This story is from the category Internet and Domains and the dossier Security and stability

Get ready for "cybercrime as a service"!

SWITCH security expert Serge Droz discusses cybercrime in 2015.

Text: Anja Eigenmann, published on 25.01.2016

SWITCH's statistics reveal that the number of malware infections concerning the top-level domains .ch and .li (Liechtenstein) fell sharply from 1,839 in 2014 to 698 in 2015. The threat from phishing remained at a similar level, with 329 cases in 2015 after 323 the year before.

 

In our interview, SWITCH security expert Serge Droz explains how he interprets these figures and what trends he sees in the cybercrime landscape.

What do you view as the stand-out events of 2015 as regards Internet security at SWITCH?
Serge Droz:
On the business side, there were two things: the launch of Safer Internet and the successful formation of CH-CERTs. The former is a package of measures aimed at preventing website infections in cooperation with hosting providers, registrars and the regulator. The latter is a forum for security experts from a range of Swiss firms and government departments to meet regularly so that they can improve security together. A personal highlight from my point of view was the course I held in Rwanda as part of the TRANSITS (Training for Incident Response Staff) project. Seeing how a country is developing under completely different conditions and with a much more difficult past than Switzerland was touching and left a lasting impression on me.

Cybercriminals are now specialising and offering only individual links in the value chain.

What trends do you see globally in Internet crime?
Generally speaking, the cyber underground has continued to become more professional, even to the extent where we can talk about "cybercrime as a service". Cybercriminals are now specialising and offering only individual links in the value chain.

What about Switzerland?
Attacks are being tailored specifically to our country. People are using e-mails written in one of our official languages that appear to be sent by a Swiss firm. This makes our job harder because we can't call on samples from our international partners. In addition, Trojans such as Dyre show that attacks on e-banking have become even more daring. Dyre only becomes active for bank accounts containing more than half a million francs, so the damage it causes is very severe.

Various reports and studies have shown that .ch is among the most secure top-level domains in the world.

How do you interpret SWITCH's figures concerning the .ch domain?
Various reports and studies have shown that .ch is among the most secure top-level domains in the world. This is made possible first and foremost by the legal basis the Federal Office of Communications gave us five years ago, which allows us to deactivate misused domains at short notice. The figures prove that this procedure is working. Now we want to optimise our anti-phishing procedure as well with the help of our national and international partners.

Where, in your opinion, are the new threats SWITCH needs to combat coming from?
SWITCH wants to step up its activities to combat the misuse of domains. Domains are misused, for example, by hacking web servers to fool search engines or by setting up fraudulent online shops. We restrict ourselves to the crime of hacking – the authorities are responsible for assessing web content. In general, however, we can say that cybercriminals are driven by money, and they'll keep seeking out new strategies to get their hands on it. They won't stop taking us by surprise.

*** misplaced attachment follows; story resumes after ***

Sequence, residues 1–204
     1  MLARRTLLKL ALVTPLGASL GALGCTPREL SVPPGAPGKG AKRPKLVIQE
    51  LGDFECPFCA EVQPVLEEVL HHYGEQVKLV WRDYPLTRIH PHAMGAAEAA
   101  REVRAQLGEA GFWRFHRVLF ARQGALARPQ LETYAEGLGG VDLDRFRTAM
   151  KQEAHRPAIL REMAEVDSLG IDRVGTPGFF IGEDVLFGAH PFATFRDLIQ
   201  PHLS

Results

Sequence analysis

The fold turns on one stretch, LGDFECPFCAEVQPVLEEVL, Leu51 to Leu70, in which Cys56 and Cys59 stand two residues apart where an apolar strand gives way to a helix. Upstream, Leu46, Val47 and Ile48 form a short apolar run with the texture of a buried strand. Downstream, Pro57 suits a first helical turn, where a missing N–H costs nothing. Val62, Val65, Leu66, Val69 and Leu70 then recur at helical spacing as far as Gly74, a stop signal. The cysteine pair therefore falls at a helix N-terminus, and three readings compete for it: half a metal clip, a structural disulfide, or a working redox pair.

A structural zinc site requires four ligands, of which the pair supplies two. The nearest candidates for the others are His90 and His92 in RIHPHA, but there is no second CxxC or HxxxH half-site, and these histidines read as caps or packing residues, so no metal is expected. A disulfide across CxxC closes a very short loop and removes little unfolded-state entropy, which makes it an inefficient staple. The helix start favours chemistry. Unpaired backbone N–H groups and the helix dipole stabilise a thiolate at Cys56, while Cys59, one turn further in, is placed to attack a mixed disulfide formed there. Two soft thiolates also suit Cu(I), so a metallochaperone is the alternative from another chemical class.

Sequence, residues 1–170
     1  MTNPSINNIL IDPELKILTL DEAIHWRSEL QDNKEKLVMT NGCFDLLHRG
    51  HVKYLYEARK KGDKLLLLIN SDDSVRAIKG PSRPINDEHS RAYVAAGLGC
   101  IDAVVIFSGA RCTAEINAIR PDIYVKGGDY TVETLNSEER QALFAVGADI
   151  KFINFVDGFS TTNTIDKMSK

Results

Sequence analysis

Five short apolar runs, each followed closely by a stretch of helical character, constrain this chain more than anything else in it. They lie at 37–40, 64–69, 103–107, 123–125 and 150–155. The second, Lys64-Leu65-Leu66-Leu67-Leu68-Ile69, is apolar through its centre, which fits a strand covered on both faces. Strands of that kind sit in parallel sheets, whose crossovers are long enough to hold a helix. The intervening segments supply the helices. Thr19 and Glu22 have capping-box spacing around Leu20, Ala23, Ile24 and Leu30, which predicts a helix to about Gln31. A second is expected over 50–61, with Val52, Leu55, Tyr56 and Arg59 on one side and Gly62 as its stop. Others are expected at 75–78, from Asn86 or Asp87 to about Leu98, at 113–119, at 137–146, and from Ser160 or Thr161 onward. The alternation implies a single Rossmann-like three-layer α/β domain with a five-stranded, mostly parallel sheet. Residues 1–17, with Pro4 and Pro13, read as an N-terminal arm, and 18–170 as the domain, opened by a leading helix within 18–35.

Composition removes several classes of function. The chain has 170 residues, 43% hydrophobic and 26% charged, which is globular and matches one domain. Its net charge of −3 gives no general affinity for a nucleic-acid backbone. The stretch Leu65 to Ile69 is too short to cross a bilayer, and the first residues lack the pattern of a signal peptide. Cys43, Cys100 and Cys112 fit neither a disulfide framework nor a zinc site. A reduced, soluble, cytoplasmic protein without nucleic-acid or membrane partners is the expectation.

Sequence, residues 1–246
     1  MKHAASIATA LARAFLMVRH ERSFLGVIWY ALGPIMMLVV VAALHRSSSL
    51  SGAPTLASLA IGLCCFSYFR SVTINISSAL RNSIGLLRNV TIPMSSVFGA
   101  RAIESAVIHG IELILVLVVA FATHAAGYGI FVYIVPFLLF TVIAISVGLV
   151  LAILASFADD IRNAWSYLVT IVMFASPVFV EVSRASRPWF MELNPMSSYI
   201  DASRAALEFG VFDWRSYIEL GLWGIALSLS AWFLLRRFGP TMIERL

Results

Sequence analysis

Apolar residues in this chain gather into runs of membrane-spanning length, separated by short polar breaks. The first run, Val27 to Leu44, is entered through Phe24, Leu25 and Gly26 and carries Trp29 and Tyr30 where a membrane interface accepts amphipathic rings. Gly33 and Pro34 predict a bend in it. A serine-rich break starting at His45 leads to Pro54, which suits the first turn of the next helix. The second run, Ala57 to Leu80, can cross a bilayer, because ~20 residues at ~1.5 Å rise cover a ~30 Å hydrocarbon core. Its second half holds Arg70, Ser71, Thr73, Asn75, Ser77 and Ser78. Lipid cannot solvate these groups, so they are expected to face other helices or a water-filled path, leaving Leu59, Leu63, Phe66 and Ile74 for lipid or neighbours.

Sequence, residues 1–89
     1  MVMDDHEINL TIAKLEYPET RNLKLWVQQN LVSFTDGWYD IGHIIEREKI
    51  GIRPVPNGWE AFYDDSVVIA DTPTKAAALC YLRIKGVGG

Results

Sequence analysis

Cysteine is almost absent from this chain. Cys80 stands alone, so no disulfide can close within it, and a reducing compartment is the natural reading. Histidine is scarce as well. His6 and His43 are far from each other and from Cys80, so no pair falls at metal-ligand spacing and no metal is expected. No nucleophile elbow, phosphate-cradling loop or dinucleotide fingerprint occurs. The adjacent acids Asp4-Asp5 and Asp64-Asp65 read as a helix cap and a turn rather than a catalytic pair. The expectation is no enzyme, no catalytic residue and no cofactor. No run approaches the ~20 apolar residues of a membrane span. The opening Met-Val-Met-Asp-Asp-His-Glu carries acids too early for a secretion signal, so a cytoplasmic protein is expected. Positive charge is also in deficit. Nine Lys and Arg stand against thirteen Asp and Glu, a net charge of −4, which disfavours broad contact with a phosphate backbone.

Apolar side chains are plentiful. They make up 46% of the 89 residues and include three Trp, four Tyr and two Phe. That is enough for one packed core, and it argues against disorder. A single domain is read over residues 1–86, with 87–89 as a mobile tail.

We can make it more expensive. That way, attacks in Switzerland won't be worth the effort any more.

What can we do about it?
We can make it more expensive for them to stage their attacks, for example by turning off hacked servers faster. That way, attacks in Switzerland won't be worth the effort any more.

Serge Droz

Dr Serge Droz studied physics at ETH Zurich and has a PhD in theoretical physics from the University of Alberta in Canada. He worked as a computer security officer at the Paul Scherrer Institute (PSI) in Villigen, canton of Aargau, before joining SWITCH in 2004. He is currently Senior Security Adviser.
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Trends in 2015

The following trends and events dominated the cybercrime field in 2015:

Ransomware: Cybercriminals are increasingly blocking access to data and demanding money to restore it. They have even set up professional help desks for this purpose that provide victims with information.

Blackmail using DDoS attacks: Groups like DD4BC (DDoS for Bitcoins) and the Armada Collective threaten to shut down websites using distributed denial of service (DDoS) attacks, where a site is bombarded with queries, unless they are paid. Experience shows that paying up does not help. In fact, it makes it plain that the money is available, so the frequency of attacks merely increases. (MELANI newsletter in German, French and Italian)

APT (advanced persistent threat) taking on new dimensions: Criminals meticulously spy on their victims over a long period before striking with a tailor-made attack. This was previously a tactic favoured by intelligence services, but is now being done for profit as well – at least that is the impression given by the Carbanak case. The group that used this software waited two years to stage its attack. It hacked user accounts at banks, gained access to surveillance cameras and reprogrammed cash machines to give out notes with higher denominations than the software had registered. The damage ran to a billion US dollars and affected around 100 banks in 30 countries (Kaspersky analysis).

Tips for fighting cybercrime

  • Update your anti-virus software regularly
  • Allow automatic software updates
  • Use automated data backup
  • Run a free SISA check every month

See also Safer Internet

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